Section 15 (256L.04, subdivision 1a) codifies the MinnesotaCare program's Social Security number rule requirements and establishes exceptions for newborns with automatic eligibility, individuals who have applied for and are awaiting issuance of a Social Security number, or for individuals who have a well-established religious objection.
Section 16 (256L.04, subdivision 2) requires enrollees to give notice to DHS in order to allow DHS to assert and recover its claim to medical payments form liable third parties as required by state and federal law.
Section 17 (256L.04, subdivision 2a) requires enrollees to take all necessary steps to obtain other benefits described in federal regulations and requires that the enrollee apply for these benefits within 30 days of application.
Section 18 (256L.05, subdivision 3) states that the effective date of coverage for adding new members to a family is the first day of the month following the month the change is reported, and for newly adopted children the effective date is the month of placement or the month the placement is reported, whichever is later.
Section 19 (256L.05, subdivision 3a) clarifies that the six-month renewal period begins the month the renewal application is received by the commissioner.
Section 20 (256L.07, subdivision 1) aligns the income calculation and premium comparison for purposes of determining a child's continued coverage under the Minnesota Comprehensive Health Association exception with the six-month income projection and six-month renewals.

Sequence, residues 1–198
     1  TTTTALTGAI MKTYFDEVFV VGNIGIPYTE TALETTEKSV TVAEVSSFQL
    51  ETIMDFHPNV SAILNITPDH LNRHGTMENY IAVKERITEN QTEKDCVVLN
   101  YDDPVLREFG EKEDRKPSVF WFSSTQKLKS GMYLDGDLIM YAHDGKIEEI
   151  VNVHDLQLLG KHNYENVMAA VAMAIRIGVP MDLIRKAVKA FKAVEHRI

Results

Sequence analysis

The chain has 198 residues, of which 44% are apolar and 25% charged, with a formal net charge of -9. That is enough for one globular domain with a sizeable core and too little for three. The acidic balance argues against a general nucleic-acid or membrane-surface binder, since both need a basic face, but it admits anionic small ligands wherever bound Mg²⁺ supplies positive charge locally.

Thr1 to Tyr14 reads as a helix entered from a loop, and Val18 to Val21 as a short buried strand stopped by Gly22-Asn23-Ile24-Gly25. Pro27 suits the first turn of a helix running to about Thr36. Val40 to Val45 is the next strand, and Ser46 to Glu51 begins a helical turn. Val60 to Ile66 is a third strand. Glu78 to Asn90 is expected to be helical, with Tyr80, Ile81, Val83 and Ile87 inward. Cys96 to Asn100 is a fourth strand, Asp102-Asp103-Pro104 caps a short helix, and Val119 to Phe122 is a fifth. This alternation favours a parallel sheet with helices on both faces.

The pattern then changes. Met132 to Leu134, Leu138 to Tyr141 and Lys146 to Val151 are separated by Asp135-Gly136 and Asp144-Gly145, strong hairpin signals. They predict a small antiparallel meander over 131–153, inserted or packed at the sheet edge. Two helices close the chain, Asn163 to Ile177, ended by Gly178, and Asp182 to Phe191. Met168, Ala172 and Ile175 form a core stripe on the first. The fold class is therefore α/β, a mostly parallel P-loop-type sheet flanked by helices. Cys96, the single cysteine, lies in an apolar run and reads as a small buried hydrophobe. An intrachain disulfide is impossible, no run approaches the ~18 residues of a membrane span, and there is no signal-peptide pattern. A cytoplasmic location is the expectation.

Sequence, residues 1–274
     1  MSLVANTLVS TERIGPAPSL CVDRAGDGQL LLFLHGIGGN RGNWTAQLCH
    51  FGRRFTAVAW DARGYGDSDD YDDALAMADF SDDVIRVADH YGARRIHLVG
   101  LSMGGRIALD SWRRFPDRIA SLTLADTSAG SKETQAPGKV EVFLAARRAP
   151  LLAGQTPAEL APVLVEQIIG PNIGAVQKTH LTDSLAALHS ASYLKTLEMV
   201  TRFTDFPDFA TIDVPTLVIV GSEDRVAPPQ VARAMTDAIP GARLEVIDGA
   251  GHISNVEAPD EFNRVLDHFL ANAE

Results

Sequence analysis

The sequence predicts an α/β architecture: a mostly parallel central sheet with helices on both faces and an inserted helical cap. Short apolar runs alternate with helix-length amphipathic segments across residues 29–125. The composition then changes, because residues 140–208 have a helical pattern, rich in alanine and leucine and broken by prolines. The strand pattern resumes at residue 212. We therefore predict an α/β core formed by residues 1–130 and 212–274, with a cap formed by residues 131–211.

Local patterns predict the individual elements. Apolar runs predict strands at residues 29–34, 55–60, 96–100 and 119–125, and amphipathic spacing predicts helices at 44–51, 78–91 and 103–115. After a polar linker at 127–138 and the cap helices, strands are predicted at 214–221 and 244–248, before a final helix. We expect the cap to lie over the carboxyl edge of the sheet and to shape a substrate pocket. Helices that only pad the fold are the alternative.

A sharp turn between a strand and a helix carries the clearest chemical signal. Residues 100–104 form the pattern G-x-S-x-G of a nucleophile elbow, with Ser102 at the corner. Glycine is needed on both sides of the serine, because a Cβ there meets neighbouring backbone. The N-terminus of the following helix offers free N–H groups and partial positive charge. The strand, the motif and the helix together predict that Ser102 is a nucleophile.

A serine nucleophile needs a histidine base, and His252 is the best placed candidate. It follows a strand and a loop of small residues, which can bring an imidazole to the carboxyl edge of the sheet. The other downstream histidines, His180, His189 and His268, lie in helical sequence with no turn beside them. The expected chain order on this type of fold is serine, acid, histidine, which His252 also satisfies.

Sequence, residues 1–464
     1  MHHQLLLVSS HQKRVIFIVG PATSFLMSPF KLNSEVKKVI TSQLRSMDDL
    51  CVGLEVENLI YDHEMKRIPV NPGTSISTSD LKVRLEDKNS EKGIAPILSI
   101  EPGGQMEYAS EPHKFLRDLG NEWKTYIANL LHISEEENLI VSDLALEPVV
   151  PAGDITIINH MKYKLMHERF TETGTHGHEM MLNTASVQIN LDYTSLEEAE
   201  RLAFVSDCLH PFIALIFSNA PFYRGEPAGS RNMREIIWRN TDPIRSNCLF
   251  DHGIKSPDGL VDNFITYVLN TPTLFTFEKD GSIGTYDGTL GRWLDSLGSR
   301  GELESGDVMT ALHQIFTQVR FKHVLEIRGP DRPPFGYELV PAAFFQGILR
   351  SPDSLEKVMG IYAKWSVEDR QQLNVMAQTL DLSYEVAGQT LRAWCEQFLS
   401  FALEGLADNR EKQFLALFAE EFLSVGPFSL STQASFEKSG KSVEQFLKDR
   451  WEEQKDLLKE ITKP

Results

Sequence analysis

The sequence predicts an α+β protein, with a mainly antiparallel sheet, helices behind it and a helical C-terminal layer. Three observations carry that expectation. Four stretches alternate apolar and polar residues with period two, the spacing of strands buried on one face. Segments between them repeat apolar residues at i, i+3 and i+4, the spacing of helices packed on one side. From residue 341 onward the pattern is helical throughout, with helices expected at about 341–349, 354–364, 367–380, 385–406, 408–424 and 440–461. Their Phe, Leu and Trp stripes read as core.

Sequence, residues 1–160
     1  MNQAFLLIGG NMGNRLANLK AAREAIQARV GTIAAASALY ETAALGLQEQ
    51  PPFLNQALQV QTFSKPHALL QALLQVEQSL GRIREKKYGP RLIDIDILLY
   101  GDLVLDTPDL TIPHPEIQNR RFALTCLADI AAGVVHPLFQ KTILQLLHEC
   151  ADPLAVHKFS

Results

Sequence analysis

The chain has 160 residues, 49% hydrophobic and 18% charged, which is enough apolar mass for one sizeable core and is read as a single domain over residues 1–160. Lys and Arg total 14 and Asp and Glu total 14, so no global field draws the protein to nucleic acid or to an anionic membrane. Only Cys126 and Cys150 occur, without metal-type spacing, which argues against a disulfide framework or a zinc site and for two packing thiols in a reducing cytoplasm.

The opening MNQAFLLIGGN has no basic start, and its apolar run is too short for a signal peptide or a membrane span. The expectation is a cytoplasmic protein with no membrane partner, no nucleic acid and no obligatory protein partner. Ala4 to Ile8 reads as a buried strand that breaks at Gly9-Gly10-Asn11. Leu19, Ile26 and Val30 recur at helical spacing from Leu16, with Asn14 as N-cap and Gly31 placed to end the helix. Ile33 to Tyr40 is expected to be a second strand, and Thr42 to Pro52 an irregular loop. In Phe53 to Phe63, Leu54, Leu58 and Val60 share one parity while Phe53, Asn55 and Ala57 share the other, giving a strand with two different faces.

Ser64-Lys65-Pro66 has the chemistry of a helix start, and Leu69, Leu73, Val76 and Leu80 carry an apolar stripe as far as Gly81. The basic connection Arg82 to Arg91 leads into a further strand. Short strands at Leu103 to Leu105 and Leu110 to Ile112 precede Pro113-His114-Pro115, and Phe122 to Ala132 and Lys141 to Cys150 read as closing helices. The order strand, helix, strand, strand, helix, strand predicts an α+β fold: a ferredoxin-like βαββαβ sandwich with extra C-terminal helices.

This section also changes the income limit for parents from $50,000 annual income to $25,000 six-month projection of income.
Section 21 (256L.07, subdivision 3) clarifies that cost effective insurance paid for by MA is not considered other health coverage for purposes of the four-month "no insurance" barrier, but if the insurance continued after it was no longer considered cost effective or after MA was closed, it would be considered and the four-month barrier would apply.
Section 22 (256L.07, subdivision 5) permits active duty military members and their dependents to voluntarily disenroll from MinnesotaCare and reenroll during or following the member's tour of active duty. Upon reenrollment, income and assets increases reported shall be disregarded until the next six-month renewal.
Section 23 (256L.15, subdivision 2) clarifies that the sliding fee scale references to income refer to monthly income and not annual or six-month income figures.
Section 24 (256L.15, subdivision 3) specifies that children in families with income below 150 percent of FPG pay a monthly premium of $4.
Section 25 (549.02, subdivision 3) excludes DHS, in cases where DHS is seeking third-party recovery, from the statute requiring the plaintiff in district court to pay certain amounts stated in law to a defendant if the defendant prevails.
Section 26 (549.04) excludes DHS, in cases where DHS is seeking third-party recovery, from the statute requiring the plaintiff in district court to reimburse certain expenses of a defendant if the defendant prevails.
Section 27 requires DHS to develop a planning process to implement at least one additional managed care arrangement to provide MA services to persons with disabilities.